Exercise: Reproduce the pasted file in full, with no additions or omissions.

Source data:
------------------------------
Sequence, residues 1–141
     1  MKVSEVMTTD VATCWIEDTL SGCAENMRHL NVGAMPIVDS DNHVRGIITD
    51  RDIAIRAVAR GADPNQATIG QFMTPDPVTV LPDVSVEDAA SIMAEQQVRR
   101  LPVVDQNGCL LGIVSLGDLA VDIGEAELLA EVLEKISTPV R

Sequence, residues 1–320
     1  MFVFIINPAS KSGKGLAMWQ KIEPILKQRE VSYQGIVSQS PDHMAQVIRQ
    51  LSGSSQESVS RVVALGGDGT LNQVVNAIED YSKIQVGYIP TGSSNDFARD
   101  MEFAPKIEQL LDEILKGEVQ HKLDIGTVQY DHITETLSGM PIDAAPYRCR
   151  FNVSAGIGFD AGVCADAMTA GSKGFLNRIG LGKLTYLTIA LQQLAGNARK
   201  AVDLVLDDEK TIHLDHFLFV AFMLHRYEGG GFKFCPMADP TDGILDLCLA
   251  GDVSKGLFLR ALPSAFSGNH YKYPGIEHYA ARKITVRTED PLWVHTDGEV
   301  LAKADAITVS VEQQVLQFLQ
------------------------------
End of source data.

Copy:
Sequence, residues 1–141
     1  MKVSEVMTTD VATCWIEDTL SGCAENMRHL NVGAMPIVDS DNHVRGIITD
    51  RDIAIRAVAR GADPNQATIG QFMTPDPVTV LPDVSVEDAA SIMAEQQVRR
   101  LPVVDQNGCL LGIVSLGDLA VDIGEAELLA EVLEKISTPV R

Sequence, residues 1–320
     1  MFVFIINPAS KSGKGLAMWQ KIEPILKQRE VSYQGIVSQS PDHMAQVIRQ
    51  LSGSSQESVS RVVALGGDGT LNQVVNAIED YSKIQVGYIP TGSSNDFARD
   101  MEFAPKIEQL LDEILKGEVQ HKLDIGTVQY DHITETLSGM PIDAAPYRCR
   151  FNVSAGIGFD AGVCADAMTA GSKGFLNRIG LGKLTYLTIA LQQLAGNARK
   201  AVDLVLDDEK TIHLDHFLFV AFMLHRYEGG GFKFCPMADP TDGILDLCLA
   251  GDVSKGLFLR ALPSAFSGNH YKYPGIEHYA ARKITVRTED PLWVHTDGEV
   301  LAKADAITVS VEQQVLQFLQ